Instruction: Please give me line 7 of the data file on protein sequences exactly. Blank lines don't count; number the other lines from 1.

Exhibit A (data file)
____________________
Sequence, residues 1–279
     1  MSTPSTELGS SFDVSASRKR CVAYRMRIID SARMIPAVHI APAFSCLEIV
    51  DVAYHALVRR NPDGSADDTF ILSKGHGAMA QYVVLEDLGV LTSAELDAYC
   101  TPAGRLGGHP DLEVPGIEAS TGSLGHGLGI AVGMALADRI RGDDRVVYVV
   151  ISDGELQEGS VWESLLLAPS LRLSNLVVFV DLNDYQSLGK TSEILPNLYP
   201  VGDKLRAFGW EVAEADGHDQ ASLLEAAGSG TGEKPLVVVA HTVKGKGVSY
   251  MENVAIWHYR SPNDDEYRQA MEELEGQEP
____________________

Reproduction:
   251  MENVAIWHYR SPNDDEYRQA MEELEGQEP